In the July-August Harvard Business Review, Neil Howe and William Strauss suggest that generations born after a great war or other crisis tend to “grow up as increasingly indulged children, come of age as the narcissistic young crusaders of a spiritual awakening, cultivate principles as moralistic midlifers, and emerge as wise elders.”1 So far, Baby Boomers have mastered indulgence, narcissism and moralism. But “wise elders?” This might require reframing our view of faith, fame and forever.
To be fair, Baby Boomers have an enviable record. We are impressive entrepreneurs; generating significant work opportunities, expanding the economy, creating enormous wealth and helping lift millions of people worldwide out of poverty. But many of us who profess to follow Christ have done it by narrowing faith to good feelings, fame to personal gain and forever to pie-in-the-sky. We ought to reframe all three.
First, our faith ought to garner fame from serving others, not ourselves. To date, Baby Boomer Christianity is mostly about “seeking inner life, self-perfection, and deeper meaning.”2 It’s a self-centered faith where we first ensure our needs are met, our homes well appointed and our kids’ educational costs covered (we’re “helicopter parents” – always hovering over our kids). We then give out of our surplus, not our sacrifice.
To be fair, we were told we’re the center of the universe. Boomers began as feed-on-demand Dr. Spock babies. Then it was milk trucks and diaper services in the 50s. Boomers dictated TV programming (sorry about Mod Squad), music and college life in the 60s and 70s. We sanctioned “greed is good” in the 80s, bankrupting the environment and economy. Today, we push for “carbon-neutral lifestyles” while buying carbon offsets so that our cars, toys and homes don’t count against our carbon footprint. We’re famous for moralizing about self-denial. But that generally kicks in after self-fulfillment.
Second, our faith ought to garner more fame from God, not just our friends. In the ancient Judeo-Christian faith, fame is a good thing. Baby Boomers get it half right in yearning for recognition. Its part of our human DNA and why Jesus’ disciples only argued over one thing: who is the greatest?3 Boomers are ahead of C.S. Lewis, who was initially repulsed by the idea of fame. In his famous 1942 sermon titled “The Weight of Glory,” Lewis imagined fame to be a competitive passion “of hell rather than heaven.”
When I began to look into this matter I was shocked to find such different Christians as Milton, Johnson and Thomas Aquinas taking heavenly glory quite frankly in the sense of fame or good report. But not fame conferred by our fellow creatures – fame with God, approval or (I might say) “appreciation” by God. And then, when I had thought it over, I saw that this view was scriptural; “Well done, thou good and faithful servant.4
Half right about fame, Boomers are half wrong about how it is gained. It’s not only by climbing a ladder but holding it for others. Jesus unambiguously cleared up the disciples’ argument about greatness: serve others and be prepared to suffer.5 Serving others and sacrificing our own comforts earns genuine fame. This is why Howe and Strauss fear that Boomer pontificating about self-denial will ring hollow. “To be sure, much of it will be symbolic only… aging Boomers will glorify the virtues of self-denial but personally maintain (to the extent their incomes allow) their creature-comfort indulgence.”6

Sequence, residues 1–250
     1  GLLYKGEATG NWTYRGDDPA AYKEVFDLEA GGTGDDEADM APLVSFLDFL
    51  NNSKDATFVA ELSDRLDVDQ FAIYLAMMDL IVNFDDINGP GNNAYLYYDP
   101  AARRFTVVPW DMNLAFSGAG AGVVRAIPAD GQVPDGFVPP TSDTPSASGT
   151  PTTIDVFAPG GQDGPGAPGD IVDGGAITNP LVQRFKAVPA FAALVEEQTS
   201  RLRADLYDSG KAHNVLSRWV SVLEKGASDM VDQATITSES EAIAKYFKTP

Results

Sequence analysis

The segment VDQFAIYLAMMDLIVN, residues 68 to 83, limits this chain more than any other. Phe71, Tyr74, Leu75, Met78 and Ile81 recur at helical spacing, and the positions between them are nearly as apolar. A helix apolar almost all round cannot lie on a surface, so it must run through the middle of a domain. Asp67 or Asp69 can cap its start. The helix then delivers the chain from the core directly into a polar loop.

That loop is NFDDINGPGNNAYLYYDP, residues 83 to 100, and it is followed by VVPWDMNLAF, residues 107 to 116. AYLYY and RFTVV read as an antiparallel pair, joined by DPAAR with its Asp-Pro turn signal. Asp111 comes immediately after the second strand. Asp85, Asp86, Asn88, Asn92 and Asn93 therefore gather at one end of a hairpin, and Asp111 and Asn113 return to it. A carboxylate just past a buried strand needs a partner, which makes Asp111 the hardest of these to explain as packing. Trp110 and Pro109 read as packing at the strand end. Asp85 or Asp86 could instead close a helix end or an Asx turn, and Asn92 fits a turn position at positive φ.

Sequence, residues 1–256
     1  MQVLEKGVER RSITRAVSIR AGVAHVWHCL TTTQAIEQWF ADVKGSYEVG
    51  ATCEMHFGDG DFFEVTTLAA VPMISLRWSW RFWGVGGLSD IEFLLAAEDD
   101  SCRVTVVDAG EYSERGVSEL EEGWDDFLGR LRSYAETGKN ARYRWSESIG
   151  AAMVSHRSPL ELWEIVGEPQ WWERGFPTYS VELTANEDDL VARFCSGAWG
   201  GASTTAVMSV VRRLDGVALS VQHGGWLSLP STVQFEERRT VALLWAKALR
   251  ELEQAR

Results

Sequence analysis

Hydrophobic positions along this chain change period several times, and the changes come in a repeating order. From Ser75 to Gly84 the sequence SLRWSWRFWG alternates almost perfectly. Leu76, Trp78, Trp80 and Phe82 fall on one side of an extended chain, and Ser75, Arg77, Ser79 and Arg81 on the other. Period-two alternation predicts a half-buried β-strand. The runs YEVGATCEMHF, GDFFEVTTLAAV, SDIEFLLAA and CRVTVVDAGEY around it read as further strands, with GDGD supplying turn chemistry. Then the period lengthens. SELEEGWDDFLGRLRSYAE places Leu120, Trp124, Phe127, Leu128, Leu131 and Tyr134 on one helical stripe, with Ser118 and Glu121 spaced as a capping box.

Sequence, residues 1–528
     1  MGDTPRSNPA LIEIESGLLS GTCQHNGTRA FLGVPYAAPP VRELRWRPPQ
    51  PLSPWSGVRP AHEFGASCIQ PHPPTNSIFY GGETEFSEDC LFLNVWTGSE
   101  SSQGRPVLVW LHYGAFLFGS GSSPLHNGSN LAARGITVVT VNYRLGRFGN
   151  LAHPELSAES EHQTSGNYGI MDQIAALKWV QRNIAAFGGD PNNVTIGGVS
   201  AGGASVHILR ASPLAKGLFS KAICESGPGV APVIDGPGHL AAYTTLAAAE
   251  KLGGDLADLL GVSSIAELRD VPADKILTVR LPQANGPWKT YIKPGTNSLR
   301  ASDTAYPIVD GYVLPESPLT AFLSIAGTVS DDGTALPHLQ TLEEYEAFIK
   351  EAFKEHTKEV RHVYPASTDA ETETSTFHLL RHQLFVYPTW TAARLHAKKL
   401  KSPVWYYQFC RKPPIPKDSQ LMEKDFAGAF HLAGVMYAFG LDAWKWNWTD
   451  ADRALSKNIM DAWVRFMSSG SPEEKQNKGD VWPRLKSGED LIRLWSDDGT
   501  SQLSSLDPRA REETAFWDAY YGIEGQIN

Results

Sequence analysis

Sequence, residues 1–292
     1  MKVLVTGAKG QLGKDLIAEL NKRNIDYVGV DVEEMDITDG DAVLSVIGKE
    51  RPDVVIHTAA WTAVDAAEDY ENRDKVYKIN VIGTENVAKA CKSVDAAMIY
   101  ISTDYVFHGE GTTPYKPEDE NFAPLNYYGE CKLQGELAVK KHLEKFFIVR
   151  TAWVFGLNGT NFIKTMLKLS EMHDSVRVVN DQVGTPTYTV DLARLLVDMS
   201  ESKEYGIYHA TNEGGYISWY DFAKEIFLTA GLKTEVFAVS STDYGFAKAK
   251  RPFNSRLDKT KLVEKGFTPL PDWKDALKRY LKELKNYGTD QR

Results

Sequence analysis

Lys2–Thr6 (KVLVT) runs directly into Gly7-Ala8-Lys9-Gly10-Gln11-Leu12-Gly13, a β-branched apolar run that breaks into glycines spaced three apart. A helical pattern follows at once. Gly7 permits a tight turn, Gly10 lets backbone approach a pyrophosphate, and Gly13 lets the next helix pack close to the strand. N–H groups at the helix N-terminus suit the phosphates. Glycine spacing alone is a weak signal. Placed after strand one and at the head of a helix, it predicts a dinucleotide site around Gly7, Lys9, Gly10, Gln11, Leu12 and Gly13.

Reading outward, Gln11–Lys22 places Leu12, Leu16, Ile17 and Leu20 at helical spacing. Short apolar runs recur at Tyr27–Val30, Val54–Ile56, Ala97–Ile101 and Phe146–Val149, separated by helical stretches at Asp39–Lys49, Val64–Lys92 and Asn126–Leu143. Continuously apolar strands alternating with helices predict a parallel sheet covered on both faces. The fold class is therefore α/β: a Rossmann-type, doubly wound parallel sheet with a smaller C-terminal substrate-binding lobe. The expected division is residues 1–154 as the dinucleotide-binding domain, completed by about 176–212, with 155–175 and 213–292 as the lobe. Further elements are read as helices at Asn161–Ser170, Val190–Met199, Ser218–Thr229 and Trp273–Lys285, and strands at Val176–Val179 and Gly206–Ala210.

Third, we need to postpone more of our fame for a later date. Again, Boomers are half right in longing for recognition and reward. We’re half wrong in wanting it this side of heaven. Our desire for reward is too weak or watered down, as C.S. Lewis reminded us:
Indeed, if we consider the unblushing promises of reward and the staggering nature of the rewards promised in the Gospels, it would seem that Our Lord finds our desires, not too strong, but too weak. We are half-hearted creatures, fooling about with drink and sex and ambition when infinite joy is offered us, like an ignorant child who wants to go on making mud pies in a slum because he cannot imagine what is meant by the offer of a holiday at the sea. We are far too easily pleased.7
Jesus says we can enjoy our rewards now or postpone enjoying them until the new heavens and earth. It’s our choice. Jesus is not stingy. We can have our fifteen minutes of fame (as Andy Warhol put it) or delay our deepest delights for eternal enjoyment. It’s actually a tension – we can enjoy much of life now and be pleased forever. The most famous and recognized will be those who served and sacrificed the most. To date, our legacy as Baby Boomers is indulgence, narcissism and moralism. If we are to emerge as wise elders, our view of faith, fame and forever ought to migrate from Boomer biases to a more biblical Christianity.
1 Neil Howe and William Strauss, “The Next Twenty Years: How Customer and Workforce Attitudes will Evolve,” Harvard Business Review, July-August 2007, p.45
2 Howe and Strauss, p.43
3 C.f. Luke 9:46-48 and Luke 22:24-30\
4 “The Weight of Glory” was originally preached by C.S. Lewis as a sermon in the Church of St. Mary the Virgin, Oxford, on June 8, 1942: published in THEOLOGY, November, 1941, and by the S.P.C.K, 1942
5 C.f. Luke 9:46-48 and Luke 22:24-30. Over 12 times in these two chapters alone, betrayal, suffering and death are associated with serving.
6 Howe and Strauss, p.47
7 C.S. Lewis, “The Weight of Glory”